export licence

Export Licence in the UK

Export Licence

The range of goods liable to export licence is extensive and cannot be covered in detail here. The following is intended to provide only very general guidance as to goods which may require licences to allow export.

Why export controls?

There are several reasons why governments aim to control the export of goods, depending on the nature and destinations of the proposed export. The export of strategic goods and technology is the specific remit of the Export Control Joint Unit (ECJU). Exports are controlled for various reasons, including:

  • Concerns about internal repression, regional instability, or other human rights violations.
  • Concerns about the development of weapo0ns of mass destruction.
  • Foreign policy and international treaty commitments including as a result of the imposition of United Nations trade sanctions or arms embargoes.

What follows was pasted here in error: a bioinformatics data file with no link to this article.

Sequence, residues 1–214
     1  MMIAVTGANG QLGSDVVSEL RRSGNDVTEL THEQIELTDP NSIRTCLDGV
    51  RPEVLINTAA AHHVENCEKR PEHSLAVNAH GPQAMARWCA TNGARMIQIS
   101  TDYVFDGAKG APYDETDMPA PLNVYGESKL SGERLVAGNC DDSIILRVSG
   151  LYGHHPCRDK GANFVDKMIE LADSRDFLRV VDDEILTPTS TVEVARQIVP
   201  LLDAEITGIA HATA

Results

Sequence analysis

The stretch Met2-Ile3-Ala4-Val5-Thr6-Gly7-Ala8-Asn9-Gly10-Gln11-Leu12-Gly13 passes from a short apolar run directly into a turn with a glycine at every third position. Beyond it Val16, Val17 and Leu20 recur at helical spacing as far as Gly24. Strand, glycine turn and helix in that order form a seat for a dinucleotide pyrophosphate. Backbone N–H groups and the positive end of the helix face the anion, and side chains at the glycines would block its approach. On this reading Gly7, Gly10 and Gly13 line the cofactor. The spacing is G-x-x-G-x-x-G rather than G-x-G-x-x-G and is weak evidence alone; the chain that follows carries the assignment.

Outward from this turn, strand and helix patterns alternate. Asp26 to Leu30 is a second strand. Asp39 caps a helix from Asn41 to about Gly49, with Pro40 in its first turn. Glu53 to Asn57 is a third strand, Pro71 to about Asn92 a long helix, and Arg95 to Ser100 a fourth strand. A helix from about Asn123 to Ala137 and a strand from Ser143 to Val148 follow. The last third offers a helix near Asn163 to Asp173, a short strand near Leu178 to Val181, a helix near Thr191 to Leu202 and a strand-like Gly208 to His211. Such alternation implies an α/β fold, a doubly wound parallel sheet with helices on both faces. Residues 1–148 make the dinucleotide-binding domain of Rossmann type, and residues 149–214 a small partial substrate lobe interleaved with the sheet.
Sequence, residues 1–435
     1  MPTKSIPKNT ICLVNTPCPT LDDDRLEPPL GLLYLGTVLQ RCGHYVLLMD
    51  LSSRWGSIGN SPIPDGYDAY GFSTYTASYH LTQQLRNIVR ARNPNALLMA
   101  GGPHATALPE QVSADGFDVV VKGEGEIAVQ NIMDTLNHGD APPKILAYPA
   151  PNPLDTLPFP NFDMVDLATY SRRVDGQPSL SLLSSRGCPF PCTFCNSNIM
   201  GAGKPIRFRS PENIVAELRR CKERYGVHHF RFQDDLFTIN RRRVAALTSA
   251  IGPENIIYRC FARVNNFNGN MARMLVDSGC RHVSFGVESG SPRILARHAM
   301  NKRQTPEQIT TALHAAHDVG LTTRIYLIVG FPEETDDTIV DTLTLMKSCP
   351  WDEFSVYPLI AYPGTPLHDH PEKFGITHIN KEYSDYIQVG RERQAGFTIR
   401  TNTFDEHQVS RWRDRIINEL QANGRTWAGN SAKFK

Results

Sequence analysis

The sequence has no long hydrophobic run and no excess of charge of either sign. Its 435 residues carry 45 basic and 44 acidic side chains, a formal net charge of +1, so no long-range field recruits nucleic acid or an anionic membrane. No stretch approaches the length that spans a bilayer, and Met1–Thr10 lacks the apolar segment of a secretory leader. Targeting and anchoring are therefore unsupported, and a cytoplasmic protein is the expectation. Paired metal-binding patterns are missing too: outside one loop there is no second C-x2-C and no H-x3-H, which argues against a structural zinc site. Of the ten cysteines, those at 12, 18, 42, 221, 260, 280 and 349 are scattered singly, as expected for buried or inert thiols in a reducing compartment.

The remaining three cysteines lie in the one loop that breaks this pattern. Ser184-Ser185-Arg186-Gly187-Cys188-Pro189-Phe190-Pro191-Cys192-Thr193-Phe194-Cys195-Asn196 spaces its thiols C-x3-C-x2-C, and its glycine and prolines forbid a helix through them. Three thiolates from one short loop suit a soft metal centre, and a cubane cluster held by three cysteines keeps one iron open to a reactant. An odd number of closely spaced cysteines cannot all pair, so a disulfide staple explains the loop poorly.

• National and collective security of the UK and its allies.

Whether or not you need an export licence for your goods will be determined by four factors, the:

  • Nature of the goods due to be exported.
  • Destination concerned.
  • Ultimate end use of the goods.
  • Licensable of trade activities.

The most common types of Licences:

Open General Export Licence (OGEL)OGELs are available for less restricted exports to less restricted destinations. OGELs are pre-published licences with set terms and conditions which you must adhere to. There are currently over 40 OGELs available, which cover a wide range of circumstances.
Standard Individual Export Licence (SIEL)If your goods, technology, software, destination or situation is not covered by an OGEL, you will need to apply for a SIEL. SIELs are company and consignee specific, for a set quantity and/or value of goods.
Open Individual Export Licence (OIEL)An OIEL is designed to cover long-term contracts, projects, and repeat business. This licence is company specific, but not necessarily consignee specific. There is no set quantity or value of goods, although conditions covering this may be set on the licence. Under an OIEL, you will receive regular compliance audits from the ECJU, so minimal support documentation is needed. You will usually need to establish a track record of exporting before you can apply for an OIEL. It should replace at least 20 SIEL applications a year.